The presentations after an excellent lunch began with Guofeng Zhou from Umicore looking at considerations for SCR catalysts when using biomass in power generation. Cofiring up to 20% of biomass with coal generally does not lead to deactivation of the catalyst by the phosphorus and potassium in the biomass, and injection of coal fly ash can help prevent deactivation in biomass (straw) combustion. Marek Michalski from Lafarge Cement discussed controlling SO2 and NOx emissions from cement plants in Poland. SO2 is removed by wet scrubbers or dry lime addition. The Polish cement industry is one of the biggest users of municipal and industrial waste where it is used to replace fossil fuels and consequently, to reduce CO2 emissions. Hanif Suchwani from Fuel Tech discussed controlling NOx and SO2 emission limits in power plants, including the company’s multi-nozzle system for injecting urea into the boiler to improve NOx removal. Flue gas conditioning can improve the performance of existing ESP for controlling PM. Rehabilitation of the Tušimice II and Prunéřov II CHP plants to improve efficiency and reduce emissions was described by Jan Šimunek, Škoda Praha a.s. The difficulty of getting permits was illustrated where It took nearly 5 years for Prunéřov II to obtain the relevant permits due to actions by environmental groups and others. The first day ended with Krsysztof Kepa, PGE, discussing how Poland’s energy sector could be facing a paradigm shift with a new energy policy on the cards. The effects of two possible scenarios were outlined with the audience encouraged to add their views.
The second day began with two roundtables – the first one I attended discussed the collaboration between applied science and business science and how this could productively contribute to industry. The chairman, Mariusz Podles, began with an example of a successful collaboration between his company, PGNiG TERMIKA, and Warsaw University on SCR. The round table then led onto a discussion on how to interpret the BREF concerning FGD waste water. Interpretation is up to each country, and so power plants may be treated differently in different countries.
The second roundtable, chaired by Tarja Korhonen, Valmet, discussed solutions for emission control. The problem of corrosion due to the use of bromides for mercury control is now understood and can be controlled. It is generally best to reduce NOx in the boiler as much as possible to reduce the load on the downstream SCR/SNCR. This could save on the cost of replacing SCR catalysts. The question was raised on what the cement industry will do when coal power plants close and fly ash is not available. More international trading of fly ash could occur.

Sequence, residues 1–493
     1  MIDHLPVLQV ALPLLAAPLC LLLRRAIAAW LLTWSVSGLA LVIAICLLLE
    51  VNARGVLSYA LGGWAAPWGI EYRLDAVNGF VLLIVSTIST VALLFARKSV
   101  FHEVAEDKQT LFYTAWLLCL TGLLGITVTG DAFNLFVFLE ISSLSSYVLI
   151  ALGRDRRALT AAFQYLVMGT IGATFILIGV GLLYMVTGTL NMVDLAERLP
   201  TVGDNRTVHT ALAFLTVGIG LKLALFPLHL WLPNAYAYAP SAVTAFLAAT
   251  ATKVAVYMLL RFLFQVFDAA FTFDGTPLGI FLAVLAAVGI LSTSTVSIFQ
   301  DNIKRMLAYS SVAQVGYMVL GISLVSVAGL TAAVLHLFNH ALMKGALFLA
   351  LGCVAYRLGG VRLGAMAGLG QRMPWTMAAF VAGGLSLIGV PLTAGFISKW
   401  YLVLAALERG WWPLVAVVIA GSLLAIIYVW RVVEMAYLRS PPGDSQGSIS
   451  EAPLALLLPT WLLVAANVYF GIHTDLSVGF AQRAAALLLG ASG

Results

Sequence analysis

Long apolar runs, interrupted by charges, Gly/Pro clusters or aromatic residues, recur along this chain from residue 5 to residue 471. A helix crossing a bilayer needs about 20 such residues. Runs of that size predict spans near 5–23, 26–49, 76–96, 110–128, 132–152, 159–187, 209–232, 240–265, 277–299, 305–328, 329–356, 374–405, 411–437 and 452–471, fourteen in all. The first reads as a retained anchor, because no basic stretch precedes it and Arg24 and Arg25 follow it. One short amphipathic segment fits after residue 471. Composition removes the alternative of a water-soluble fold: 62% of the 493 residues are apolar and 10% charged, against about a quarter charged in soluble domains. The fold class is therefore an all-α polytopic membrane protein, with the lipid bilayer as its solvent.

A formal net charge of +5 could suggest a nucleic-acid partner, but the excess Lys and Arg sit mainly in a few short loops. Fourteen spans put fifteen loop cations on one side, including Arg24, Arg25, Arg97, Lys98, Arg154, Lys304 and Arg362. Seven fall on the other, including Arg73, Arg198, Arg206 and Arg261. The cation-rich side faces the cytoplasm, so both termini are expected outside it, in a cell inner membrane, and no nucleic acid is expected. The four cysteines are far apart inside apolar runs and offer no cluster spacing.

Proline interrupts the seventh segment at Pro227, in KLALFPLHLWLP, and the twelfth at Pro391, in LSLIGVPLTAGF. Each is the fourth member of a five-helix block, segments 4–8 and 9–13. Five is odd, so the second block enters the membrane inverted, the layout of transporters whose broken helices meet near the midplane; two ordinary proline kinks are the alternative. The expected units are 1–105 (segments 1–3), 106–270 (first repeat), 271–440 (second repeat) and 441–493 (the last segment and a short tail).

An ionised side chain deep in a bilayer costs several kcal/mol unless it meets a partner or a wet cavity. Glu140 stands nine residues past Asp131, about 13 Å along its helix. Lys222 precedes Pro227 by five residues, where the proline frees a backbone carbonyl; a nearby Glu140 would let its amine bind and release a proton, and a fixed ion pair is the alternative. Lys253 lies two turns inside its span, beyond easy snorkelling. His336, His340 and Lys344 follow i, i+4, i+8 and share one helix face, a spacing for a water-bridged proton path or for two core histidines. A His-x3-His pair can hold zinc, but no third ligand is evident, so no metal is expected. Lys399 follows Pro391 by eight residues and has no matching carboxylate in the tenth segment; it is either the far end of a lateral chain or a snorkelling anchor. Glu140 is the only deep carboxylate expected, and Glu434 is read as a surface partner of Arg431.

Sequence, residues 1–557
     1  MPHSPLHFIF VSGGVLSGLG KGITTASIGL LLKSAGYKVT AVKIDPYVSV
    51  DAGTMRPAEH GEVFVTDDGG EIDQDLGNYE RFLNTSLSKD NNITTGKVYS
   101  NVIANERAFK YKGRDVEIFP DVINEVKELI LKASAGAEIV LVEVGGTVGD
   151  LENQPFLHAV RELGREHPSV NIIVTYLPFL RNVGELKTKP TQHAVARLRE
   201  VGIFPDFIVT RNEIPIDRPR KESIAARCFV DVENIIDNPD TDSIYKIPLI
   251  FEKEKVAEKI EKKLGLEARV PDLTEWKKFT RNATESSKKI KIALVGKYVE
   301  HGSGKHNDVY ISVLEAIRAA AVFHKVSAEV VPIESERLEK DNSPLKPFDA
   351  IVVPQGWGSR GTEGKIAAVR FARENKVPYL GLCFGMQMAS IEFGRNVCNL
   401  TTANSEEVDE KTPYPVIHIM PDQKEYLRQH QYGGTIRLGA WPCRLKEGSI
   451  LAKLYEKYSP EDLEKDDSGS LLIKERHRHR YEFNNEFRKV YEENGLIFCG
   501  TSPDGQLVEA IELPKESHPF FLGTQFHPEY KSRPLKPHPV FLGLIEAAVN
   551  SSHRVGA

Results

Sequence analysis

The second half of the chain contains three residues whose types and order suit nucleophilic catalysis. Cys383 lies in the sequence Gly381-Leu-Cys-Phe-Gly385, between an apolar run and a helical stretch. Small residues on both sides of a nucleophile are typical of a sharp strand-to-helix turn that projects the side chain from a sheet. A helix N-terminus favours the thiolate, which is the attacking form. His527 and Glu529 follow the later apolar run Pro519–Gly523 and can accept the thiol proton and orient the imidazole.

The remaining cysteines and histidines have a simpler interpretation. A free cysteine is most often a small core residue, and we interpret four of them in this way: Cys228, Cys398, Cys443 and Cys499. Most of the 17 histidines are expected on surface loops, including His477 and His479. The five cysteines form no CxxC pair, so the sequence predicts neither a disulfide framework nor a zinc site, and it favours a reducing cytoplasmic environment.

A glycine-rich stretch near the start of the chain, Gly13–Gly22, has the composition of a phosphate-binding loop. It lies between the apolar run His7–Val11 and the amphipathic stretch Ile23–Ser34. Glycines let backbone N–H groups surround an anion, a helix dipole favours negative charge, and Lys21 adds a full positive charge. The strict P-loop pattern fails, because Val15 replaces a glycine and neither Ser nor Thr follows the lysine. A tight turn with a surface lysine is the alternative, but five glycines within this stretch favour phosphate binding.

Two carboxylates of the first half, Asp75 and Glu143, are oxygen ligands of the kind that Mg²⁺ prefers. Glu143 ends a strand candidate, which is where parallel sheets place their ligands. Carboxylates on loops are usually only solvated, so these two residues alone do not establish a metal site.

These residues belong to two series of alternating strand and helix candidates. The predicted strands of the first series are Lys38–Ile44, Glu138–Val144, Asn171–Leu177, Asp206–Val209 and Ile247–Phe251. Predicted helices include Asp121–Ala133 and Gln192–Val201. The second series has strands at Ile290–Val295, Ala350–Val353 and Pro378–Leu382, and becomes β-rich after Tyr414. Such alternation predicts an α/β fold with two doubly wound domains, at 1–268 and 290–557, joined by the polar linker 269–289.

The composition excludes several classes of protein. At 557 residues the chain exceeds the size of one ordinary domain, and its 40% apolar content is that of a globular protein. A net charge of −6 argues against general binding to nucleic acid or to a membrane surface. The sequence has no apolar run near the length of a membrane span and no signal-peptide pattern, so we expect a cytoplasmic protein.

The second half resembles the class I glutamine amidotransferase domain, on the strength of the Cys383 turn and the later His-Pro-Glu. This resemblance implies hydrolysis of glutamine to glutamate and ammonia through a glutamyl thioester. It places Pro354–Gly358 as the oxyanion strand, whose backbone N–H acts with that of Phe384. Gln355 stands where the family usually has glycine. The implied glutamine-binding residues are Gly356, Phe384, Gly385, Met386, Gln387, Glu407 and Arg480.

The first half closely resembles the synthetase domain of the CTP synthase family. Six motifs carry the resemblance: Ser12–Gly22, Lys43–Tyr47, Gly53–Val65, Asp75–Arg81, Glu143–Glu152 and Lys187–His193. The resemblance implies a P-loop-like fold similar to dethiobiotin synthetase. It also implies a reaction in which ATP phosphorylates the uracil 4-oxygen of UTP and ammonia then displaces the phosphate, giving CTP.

Then it was back to presentations with Roger Brandwood, Uniper Energy, discussing how policies and regulations could affect the future of coal power plants and how they can adapt. Some unintended consequences of policy changes were touched on. Technologies for meeting the LCP BREF limits for HCl, HF and mercury that come into force in 2021 were outlined by Tarja Korhonen, Valmet, for coal and biomass plants. These include dry, semi-dry and wet scrubbing methods for HCl, and how to deal with the wastes, such as the chloride containing waste water. Utilising the waste contributes to the circular economy. A change in topic occurred with an interesting talk from Paul McCann, Uniper Energy, who described some of the corrosion problems that can occur in the water-steam cycle if a coal power plant is put on standby, and what protection measures are available. Carmen Schiel, Karlsruhe Institute of Technology, introduced the ERICCA_LCP (Emission Reduction and Investment Cost Calculation) software tool she helped to develop for power plant operators to assess the techno-economic impacts of SO2, NOx and PM control techniques for a specific power plant.
The conference ended with Rémi Bussac, EDF, discussing Coal: What else? This mainly discussed the role of biomass, and showed the difference in the emission limits given in the LCP BREF and the BREF on waste incineration. The combustion of biomass in power plants where it is not the main fuel is covered by the LCP BREF. The impact of the CO2 Emissions Performance Standard for Capacity Mechanisms (<550 gCO2/kWh) under discussion in the Clean Energy Package and how co-firing biomass could help meet the target was indicated.
There were many interesting presentations, but I was left with the thought that although the emission limits in the LCP BREF are strict, they could be even stricter when the next BREF update is published.
The 13th ExPPERTS Europe conference took place in Wroclaw, Poland 26 – 27 September 2018.